NEW YORK (CNN/Money) -
Mortgage rates were mixed last week, with longer-term rates pulling back slightly, mortgage financier Freddie Mac said Thursday in its latest report.
"Stronger growth in the economy will invariably translate into higher mortgage rates in the future, particularly for ARM products," said Frank Nothaft, Freddie Mac vice president and chief economist.
"However, the rise in mortgage rates will be measured, not extreme, and that will help keep the housing industry stable and affordable in the coming months."
The rate on 30-year fixed-rate mortgages averaged 5.98 percent in the week ending July 22, with an average 0.6 point payable up front, down modestly from 6 percent the previous week, Freddie Mac said.
A year earlier, the rate on the 30-year fixed-rate loan averaged 5.67 percent.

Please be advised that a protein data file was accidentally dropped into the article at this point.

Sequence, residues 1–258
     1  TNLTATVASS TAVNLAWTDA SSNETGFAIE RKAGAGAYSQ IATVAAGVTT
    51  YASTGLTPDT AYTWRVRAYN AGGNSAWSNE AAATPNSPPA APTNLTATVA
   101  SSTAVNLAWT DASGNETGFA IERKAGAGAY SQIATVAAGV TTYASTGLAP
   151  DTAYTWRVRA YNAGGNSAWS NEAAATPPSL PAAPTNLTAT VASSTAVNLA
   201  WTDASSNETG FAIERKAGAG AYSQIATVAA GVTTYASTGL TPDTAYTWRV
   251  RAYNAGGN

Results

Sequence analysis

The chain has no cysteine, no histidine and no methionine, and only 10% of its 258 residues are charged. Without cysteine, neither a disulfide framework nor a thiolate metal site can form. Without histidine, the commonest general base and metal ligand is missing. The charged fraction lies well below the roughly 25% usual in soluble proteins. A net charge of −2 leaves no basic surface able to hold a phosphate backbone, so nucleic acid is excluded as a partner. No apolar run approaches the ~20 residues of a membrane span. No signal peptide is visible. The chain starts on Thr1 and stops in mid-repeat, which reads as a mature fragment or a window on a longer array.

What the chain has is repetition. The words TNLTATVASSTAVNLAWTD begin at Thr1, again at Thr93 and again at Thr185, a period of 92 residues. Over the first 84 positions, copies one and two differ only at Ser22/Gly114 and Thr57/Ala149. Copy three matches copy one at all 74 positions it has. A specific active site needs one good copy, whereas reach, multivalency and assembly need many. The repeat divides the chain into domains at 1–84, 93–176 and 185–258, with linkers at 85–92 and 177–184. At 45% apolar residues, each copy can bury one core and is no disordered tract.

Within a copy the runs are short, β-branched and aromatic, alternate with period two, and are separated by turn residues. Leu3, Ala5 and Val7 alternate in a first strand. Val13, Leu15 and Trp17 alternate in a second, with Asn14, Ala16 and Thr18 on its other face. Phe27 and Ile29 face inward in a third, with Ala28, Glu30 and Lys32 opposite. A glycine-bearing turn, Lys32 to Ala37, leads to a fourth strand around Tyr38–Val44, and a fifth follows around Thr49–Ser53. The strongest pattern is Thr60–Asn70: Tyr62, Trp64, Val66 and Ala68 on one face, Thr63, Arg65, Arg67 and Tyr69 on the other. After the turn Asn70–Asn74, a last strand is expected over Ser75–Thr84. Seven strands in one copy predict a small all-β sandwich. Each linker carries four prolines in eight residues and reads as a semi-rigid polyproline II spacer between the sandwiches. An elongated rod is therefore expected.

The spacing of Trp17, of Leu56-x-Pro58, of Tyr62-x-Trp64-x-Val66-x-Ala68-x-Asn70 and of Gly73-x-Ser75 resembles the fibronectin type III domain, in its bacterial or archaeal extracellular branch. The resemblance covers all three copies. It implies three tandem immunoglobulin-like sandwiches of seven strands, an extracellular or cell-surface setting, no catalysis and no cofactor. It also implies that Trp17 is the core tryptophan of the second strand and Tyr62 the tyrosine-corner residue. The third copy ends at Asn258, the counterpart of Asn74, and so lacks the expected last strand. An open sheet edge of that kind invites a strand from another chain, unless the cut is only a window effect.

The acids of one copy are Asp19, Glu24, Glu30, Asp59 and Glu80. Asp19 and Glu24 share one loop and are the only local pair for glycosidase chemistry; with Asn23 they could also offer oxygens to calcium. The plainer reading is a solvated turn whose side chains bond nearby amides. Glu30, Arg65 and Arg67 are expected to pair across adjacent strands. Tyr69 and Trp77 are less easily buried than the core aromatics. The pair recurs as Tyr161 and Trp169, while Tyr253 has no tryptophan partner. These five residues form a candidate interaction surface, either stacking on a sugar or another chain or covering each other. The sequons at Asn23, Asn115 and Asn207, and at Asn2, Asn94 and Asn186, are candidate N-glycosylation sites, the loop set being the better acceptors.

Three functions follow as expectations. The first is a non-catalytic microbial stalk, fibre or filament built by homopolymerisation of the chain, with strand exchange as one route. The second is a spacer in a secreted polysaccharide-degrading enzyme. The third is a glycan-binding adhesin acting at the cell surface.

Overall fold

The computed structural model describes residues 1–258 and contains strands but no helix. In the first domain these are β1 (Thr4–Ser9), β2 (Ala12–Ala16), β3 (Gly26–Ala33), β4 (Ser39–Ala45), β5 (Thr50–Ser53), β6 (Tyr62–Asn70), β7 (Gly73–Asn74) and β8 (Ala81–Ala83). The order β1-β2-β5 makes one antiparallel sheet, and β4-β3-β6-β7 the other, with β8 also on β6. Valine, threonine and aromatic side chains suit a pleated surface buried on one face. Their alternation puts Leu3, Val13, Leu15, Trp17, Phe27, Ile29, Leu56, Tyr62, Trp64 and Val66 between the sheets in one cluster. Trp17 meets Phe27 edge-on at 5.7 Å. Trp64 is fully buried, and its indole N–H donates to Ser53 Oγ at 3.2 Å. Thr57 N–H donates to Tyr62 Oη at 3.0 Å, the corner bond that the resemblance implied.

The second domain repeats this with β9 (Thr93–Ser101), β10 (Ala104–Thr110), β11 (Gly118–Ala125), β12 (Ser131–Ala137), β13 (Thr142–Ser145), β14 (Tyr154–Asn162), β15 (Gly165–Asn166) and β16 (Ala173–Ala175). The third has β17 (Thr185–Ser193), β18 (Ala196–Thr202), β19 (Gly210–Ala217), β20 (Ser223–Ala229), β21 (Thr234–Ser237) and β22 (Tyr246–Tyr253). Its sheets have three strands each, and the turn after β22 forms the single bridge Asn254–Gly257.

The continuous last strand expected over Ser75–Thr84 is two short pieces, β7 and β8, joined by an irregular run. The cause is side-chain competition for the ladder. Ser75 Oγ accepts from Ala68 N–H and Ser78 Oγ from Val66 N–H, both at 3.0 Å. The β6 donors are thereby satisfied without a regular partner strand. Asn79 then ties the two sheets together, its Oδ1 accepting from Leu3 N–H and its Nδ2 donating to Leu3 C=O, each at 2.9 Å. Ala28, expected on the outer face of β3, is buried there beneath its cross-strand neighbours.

The 15-year mortgage rate eased to 5.39 percent from 5.40 percent, also with 0.6 point payable up front. Last year, rates stood at 5 percent.
One-year adjustable rate mortgages (ARMs) averaged 4.12 percent, up from 4.02 percent the week prior, with 0.6 of a point payable up front. At this time last year, the average rate for ARMs was 3.58 percent.
Freddie Mac's (FRE: down $0.76 to $64.38, Research, Estimates) average mortgage rates are based on a survey of 125 lenders nationwide.